Tampa Bay Buccaneers rookie O.J. Howard may have seen more NFL action on his game console than the television over the past four years. Howard, an Alabama grad, admits to being a "Madden guy" and was reasonably excited to have one of the highest player ratings for rookies in this year's game. As for catching the real thing on Sundays, he says there often wasn't time during fall in Tuscaloosa.
"We never had time in college, honestly, at my school," said Howard on Thursday as his veteran teammates reported for the start of training camp. "We had something to do every day; even on Sundays we had to go in and report. So I never got a chance to really watch football except on Thursday nights. I didn't have a favorite team. I would just turn on the TV and watch football. I wasn't really looking at the Xs and Os as much. So not really a lot, I didn't watch a lot of pro football."
WATCH: THURSDAY'S PRESS CONFERENCES
Well, Howard's got the time now. The NFL is now his vocation and over the next three weeks in particular – roughly the length of training camp – he's going to be eating, sleeping and drinking football. And practicing it a lot, too.
That's good because Howard has already learned a very important lesson about the NFL: Success is in the details. He's obviously athletically gifted, as his draft status indicates. Taken 19th overall, he was the first tight end ever selected in the first round by the Buccaneers, and something of a gift; most analysts pegged him as a likely top-10 pick. But Howard knows that he can't succeed on his talents alone. It's drilling down on the small details that will allow him to unlock his potential.
"I would say just always doing the little things right as a pro, as far as studying the little details," said Howard of his planned emphasis for his first training camp. "The route-running, run-blocking in the run games – I think the little things can add up to be a positive or, vice versa, they can add up to be a big negative. I think the little things are the most important thing that I've noticed so far."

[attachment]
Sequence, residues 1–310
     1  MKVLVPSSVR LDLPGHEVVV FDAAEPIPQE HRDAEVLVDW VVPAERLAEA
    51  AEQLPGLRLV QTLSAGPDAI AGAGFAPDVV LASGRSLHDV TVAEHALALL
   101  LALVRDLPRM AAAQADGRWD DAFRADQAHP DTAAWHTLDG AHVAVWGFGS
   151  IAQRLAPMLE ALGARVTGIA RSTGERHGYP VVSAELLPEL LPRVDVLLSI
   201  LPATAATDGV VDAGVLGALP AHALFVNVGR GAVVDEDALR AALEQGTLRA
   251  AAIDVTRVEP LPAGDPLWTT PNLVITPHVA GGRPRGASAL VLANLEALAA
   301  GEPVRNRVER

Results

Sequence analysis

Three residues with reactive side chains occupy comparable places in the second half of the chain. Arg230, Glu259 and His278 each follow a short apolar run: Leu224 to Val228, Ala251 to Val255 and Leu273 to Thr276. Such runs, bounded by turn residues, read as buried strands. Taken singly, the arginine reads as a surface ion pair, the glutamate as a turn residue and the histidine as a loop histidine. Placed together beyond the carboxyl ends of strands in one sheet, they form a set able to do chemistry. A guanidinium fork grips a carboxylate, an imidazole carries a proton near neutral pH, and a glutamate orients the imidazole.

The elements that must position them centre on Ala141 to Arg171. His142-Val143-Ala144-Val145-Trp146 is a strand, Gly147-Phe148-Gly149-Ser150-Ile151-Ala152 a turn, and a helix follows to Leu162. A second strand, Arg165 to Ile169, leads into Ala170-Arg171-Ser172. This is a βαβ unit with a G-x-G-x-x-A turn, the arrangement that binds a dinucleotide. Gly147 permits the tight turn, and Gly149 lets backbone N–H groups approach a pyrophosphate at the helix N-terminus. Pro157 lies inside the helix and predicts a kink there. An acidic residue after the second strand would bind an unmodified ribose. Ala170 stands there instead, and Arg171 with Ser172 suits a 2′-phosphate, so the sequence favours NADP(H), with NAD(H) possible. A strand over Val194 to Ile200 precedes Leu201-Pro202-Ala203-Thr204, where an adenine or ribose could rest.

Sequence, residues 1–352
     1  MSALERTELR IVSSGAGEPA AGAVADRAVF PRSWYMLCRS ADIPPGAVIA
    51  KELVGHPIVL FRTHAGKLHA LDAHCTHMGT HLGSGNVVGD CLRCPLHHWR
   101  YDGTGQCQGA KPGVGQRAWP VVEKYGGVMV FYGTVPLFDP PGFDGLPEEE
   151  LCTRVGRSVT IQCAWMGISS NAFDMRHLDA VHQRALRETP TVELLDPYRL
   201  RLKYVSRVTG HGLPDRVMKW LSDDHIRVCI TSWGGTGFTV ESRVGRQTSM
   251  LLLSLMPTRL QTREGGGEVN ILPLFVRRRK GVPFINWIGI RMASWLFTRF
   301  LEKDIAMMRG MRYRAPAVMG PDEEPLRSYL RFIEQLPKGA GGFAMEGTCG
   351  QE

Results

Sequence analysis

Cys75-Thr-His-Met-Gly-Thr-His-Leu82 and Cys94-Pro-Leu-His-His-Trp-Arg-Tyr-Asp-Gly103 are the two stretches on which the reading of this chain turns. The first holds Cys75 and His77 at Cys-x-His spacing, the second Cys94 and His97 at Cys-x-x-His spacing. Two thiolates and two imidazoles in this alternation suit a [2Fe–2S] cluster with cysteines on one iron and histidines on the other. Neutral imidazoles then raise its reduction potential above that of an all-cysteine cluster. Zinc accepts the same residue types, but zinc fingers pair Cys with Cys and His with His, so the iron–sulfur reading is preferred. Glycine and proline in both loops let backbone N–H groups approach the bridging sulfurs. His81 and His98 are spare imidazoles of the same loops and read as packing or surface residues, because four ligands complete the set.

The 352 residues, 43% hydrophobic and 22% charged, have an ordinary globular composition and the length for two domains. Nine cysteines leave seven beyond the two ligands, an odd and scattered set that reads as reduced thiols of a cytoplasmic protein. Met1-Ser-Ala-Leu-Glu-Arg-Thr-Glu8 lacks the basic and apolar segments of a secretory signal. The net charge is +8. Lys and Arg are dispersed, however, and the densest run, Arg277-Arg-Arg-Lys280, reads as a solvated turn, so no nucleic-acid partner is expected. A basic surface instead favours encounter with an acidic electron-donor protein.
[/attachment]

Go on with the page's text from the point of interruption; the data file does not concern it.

Fortunately, the rookie and his new quarterback, Jameis Winston, supplemented their offseason work at One Buccaneer Place with some additional get-togethers away from the facility, in an attempt to establish a connection quickly. Looking for more explosive plays this year, the Buccaneers hope to feature their talented new tight end as quickly as possible. Howard wants to make sure that Winston has a good feel for his game, and vice versa.
"It's about ball placement," said Howard. "When we go down to the end zone, he wants to see how high I can jump to see how high he can put the ball. It's all kinds of things, [like] timing. There's a lot of detail to route-running. He needs to know when I'm going to break on certain routes."
The Buccaneers head into camp focused on taking the next step to the playoffs in 2017 after last year's 9-7 finish. More specifically, they are focused on getting ready for the Miami Dolphins on September 10. Howard's attention to the details of his profession, however, will hopefully pay dividends well beyond his rookie year. Last year, with his eventual leap to the NFL becoming obvious, he began studying former pro standouts at his position and he thinks he knows why some of them had such long careers.
"[I studied] guys such as Tony Gonzalez and Jason Witten," said Howard. "Those are guys that, even as they got older, they were still really dominant as tight ends, and that's because of their techniques and the way they ran their routes. The little things. I study guys like that to see what makes them stay in the game for so long."
Even if he didn't watch a lot of NFL games on Sundays the past four years, Howard understand right away how strong the competition would be when he got to One Buccaneer Place. It's like the toughest weeks at Alabama, week after week. That only adds to his motivation to get the details right in order to gain an edge on his opponents.
"I would say mostly, [it's] just learning the little things," said Howard. "In the NFL, everybody is really good. Like Coach said earlier, it's like the Alabama-LSU matchup every day. That's exactly what it is – it's an SEC game every day for me. There are no non-conference games. Everybody's good, you have to have great technique and know it's more mental than anything."